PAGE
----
Bob Nightengale at USA Today offers this brilliant analysis...
The Rangers were willing to trade power-hitting second baseman Alfonso Soriano. He will cost about $11 million in 2006, he's in the final year of his contract and he plays lousy defense (he had 21 errors this past season). But he also hits close to 40 homers and drives in about 100 runs a season. And what did the Rangers get in return from the Nationals for Soriano? Less offense (outfielders Brad Wilkerson and Terrmel Sledge) and little pitching (minor league right-hander Armando Galarraga, who didn't pitch above Double-A in 2005). Anyone home?
Sigh. How hard is it really to understand that swapping Soriano for Wilkerson does not result in less offense?
Why is it so many in the mainstream baseball media are so eager to cast this as a bad trade for Texas?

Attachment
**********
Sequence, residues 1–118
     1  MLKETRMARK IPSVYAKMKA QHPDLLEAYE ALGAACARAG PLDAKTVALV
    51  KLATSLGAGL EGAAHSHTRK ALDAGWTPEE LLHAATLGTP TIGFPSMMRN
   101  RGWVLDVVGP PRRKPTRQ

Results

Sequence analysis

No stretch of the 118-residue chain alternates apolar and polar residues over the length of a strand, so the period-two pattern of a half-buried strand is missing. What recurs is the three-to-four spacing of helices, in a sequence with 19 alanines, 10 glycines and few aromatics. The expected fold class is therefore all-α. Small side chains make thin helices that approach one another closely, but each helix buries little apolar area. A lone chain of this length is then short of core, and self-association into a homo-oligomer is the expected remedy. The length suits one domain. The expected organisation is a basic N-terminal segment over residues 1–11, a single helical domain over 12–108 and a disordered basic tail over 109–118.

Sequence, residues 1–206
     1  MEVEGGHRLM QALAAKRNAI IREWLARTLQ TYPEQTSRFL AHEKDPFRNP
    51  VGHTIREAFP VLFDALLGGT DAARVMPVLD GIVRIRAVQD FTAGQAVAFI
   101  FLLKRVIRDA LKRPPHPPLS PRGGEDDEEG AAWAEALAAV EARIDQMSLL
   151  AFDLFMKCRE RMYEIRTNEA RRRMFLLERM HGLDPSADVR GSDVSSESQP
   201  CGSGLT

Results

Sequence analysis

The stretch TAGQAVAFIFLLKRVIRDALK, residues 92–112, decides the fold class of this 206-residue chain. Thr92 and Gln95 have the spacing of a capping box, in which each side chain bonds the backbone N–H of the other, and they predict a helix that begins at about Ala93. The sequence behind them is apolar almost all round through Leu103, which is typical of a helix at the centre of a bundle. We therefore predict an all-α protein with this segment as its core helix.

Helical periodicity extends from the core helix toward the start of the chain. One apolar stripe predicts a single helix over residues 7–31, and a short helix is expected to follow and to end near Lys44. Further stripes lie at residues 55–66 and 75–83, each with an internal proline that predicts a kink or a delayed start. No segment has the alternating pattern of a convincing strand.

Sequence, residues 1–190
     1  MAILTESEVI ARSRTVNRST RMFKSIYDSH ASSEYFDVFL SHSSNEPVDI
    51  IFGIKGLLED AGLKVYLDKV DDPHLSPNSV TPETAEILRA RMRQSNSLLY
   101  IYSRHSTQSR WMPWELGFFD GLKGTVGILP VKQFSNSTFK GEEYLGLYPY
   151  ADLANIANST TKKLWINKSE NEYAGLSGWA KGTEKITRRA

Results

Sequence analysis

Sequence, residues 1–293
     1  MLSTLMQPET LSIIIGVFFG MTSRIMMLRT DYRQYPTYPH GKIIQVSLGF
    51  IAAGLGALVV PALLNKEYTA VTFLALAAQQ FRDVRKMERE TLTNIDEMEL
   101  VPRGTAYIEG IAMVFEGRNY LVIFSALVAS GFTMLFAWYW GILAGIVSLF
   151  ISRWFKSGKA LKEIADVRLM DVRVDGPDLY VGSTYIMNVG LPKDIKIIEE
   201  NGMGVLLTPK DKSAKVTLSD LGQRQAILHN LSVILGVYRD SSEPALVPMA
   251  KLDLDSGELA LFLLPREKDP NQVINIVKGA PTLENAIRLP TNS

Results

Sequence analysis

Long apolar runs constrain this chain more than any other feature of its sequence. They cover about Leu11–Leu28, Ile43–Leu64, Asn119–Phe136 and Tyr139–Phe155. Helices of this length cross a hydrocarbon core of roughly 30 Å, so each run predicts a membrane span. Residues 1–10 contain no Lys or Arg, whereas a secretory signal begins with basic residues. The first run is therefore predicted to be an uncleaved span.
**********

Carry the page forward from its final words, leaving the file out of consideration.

Is the idea that there is something other than home runs to evaluating players, that a players home park can have a significant effect on his numbers, really that hard to grasp?
Nightengale's comment -- and particularly the snide little "Anyone home?" at the end -- is smug, self-satisfied idiocy.
We also have this tidbit in the notes/rumors part of the column:
The Rangers were offering outfielder Kevin Mench to the Blue Jays for starting pitcher/reliever Miguel Batista and second baseman Orlando Hudson.
Given Ian Kinsler's presence, I'm a little confused about why the Rangers are supposedly so hot and heavy for Orlando Hudson. Yes, he's about as good defensively as there is, but when you've got a cheap, major-league-ready second baseman in your system, why use one of your primary trade chips to get another major league second baseman to Texas?
Between the rumors involving Hudson, Mark Grudzelanik, and Todd Walker, I have to wonder if the Rangers have soured on Kinsler over the past season, if he isn't viewed more as trade bait than the future second baseman.